by Jessica Colarossi, The Brink
BU OB/GYN microbiologist Deborah Anderson argues that new birth control approaches are needed to combat overpopulation, climate change
Deborah Anderson wants a contraception revolution. In an editorial published in the New England Journal of Medicine, Anderson lays out the reasons why she believes it’s time to reignite research for developing new forms of birth control—and why we need better contraceptive options now more than ever before.
Anderson, BU School of Medicine professor of obstetrics and gynecology, is an expert in the use of plant-grown antibodies, called “plantibodies,” to protect against HIV and herpes simplex virus. Now, her lab is developing new antibodies against sperm for contraception. The idea is to develop a topical film—similar to a Listerine strip—that can be applied vaginally as a contraceptive. Her lab at BU recently received a Contraception Research Center grant from the National Institutes of Health to develop new forms of birth control.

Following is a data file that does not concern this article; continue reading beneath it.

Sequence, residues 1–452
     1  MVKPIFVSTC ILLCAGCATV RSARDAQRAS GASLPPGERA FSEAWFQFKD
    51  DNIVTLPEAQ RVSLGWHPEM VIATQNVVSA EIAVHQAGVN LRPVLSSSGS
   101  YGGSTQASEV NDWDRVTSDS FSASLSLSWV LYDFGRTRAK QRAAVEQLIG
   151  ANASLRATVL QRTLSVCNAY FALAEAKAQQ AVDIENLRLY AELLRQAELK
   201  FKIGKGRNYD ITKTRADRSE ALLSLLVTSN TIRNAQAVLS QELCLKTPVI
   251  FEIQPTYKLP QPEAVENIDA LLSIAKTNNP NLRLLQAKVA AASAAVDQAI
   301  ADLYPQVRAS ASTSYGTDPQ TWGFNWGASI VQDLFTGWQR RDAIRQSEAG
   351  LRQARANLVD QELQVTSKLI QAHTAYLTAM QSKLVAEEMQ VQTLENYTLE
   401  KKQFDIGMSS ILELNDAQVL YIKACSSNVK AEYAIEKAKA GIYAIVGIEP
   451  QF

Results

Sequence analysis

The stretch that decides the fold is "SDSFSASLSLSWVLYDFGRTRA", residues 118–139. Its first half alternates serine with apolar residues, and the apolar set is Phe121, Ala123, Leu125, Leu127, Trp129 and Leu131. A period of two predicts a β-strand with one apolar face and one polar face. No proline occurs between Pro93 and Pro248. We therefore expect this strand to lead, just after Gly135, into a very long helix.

The Brink spoke to Anderson to learn more about her vision for future birth control methods and why she believes the world is overdue for a contraception revolution. Here are our top four takeaways from that conversation.
Latest posts by Guest Blogger (see all)
- A mixed emissions report - August 13, 2019
- How climate change is becoming a deadly part of white nationalism - August 8, 2019
- Medical schools are pushed to train doctors for climate change - August 7, 2019